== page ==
1. Banks should review relevant processes and training to ensure staff are adequately supported to distinguish between different types of guarantors and when the Code’s guarantee liability limit applies.

2. Relevant staff should make a prospective guarantor aware if the transaction is covered by the Code and where they can get further information.
For example, raising awareness of this during initial guarantor interviews.

3. Banks should periodically review deed of guarantee templates to ensure they meet the requirements of the Code.

4. Where possible, banks should meet face-to-face with the prospective guarantor to highlight the matters disclosed in the terms and conditions under clause 96 of the Code.

5. Update policies and processes to require staff to consider the prospective guarantor’s unique circumstances when delivering key disclosures, particularly if they show signs that they may need extra help to understand the nature and effect of the guarantee.
For example, for a prospective guarantor who does not speak English as a first language, lending staff should engage an interpreter to ensure they receive real time explanation of the disclosures and are given an opportunity to ask the lender questions in the absence of the borrower.

6. Processes, systems and technology should enhance staff capability to:

a) identify vulnerable guarantors who may require additional support to understand the guarantee information provided.
b) tailor their approach to disclosing the matters contained in clause 96 of the Code in a meaningful and accessible way to suit the individual.
c) keep contemporaneous records about any indicators identified and any additional care taken to give the pre-contractual disclosures.

For example, some banks described adopting a standard guarantor conversation template that can be used to document all interactions with the guarantor, including internal lender notes. A single source of record keeping with respect to the guarantor can be useful in the event of a dispute or compliance review.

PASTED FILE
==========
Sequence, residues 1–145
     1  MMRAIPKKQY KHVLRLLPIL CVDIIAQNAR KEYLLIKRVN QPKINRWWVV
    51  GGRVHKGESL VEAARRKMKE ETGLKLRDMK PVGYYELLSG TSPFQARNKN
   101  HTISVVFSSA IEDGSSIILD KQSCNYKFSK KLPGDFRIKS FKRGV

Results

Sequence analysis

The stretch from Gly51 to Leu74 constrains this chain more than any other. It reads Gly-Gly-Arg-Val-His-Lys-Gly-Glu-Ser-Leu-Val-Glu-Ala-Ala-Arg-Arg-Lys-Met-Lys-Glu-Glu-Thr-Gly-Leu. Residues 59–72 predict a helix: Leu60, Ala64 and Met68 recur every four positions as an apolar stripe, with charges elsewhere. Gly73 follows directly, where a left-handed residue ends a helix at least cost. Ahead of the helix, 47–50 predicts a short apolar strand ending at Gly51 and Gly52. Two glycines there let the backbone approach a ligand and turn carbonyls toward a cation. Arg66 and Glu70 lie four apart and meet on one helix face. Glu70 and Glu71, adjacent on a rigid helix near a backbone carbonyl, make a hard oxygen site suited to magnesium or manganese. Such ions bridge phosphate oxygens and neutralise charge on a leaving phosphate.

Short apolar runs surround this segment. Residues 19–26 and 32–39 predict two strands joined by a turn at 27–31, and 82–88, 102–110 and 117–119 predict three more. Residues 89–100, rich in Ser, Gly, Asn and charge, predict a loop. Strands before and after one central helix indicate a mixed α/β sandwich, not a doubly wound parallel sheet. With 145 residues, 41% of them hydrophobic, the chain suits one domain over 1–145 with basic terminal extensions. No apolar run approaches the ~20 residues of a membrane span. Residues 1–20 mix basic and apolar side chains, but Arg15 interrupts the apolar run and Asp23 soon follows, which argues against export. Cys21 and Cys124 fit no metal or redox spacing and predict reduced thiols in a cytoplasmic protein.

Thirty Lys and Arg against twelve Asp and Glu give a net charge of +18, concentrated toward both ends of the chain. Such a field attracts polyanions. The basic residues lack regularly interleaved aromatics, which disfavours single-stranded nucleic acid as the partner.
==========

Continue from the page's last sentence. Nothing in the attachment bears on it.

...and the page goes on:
7. Banks should include clear guidance in processes to help staff to locate, retrieve and store guarantee disclosure information, particularly where the bank has disparate systems, business units and subsidiary brands.

8. Banks should build the requirements of clauses 97 and 99 of the Code into the design of their processes and systems to help staff to comply.
For example, update systems to automate the creation of guarantor disclosure documents to reduce the reliance on manual processes or develop staff checklists with required communication and documents to be given to a prospective guarantor.

9. Staff training should educate staff about the essential role they play to ensure a prospective guarantor is given all key information to understand the risks, to help to protect their interests and to make an informed decision.
For example, use case studies in lenders training to illustrate the long-term harm that can occur when a bank fails to ensure the guarantor is making an informed decision.

10. Banks should capture a director guarantor’s request to receive or waive their right to receive the documents listed in clauses 96-99 of the Code.
For example, one bank developed a system control that prompts a guarantor information pack election form that requires the director guarantor to ‘Opt in or Opt out’ of receiving disclosure documents. On receipt of this form, the information is included in the guarantor information pack. The form is retained for internal records.

11. Banks should strengthen record management requirements in pre-guarantee processes and procedures to ensure that evidence always exists on the file to demonstrate compliance.

12. Banks should audit compliance with the current Code’s guarantee obligations. Audit samples should include guarantees obtained since 1 July 2019. Audits should include an assessment of the controls in place to ensure compliance with the Code’s guarantee obligations.

13. Banks should review the robustness of guarantee-related Quality Assurance processes to ensure that they effectively identify, record and report Code breaches for investigation.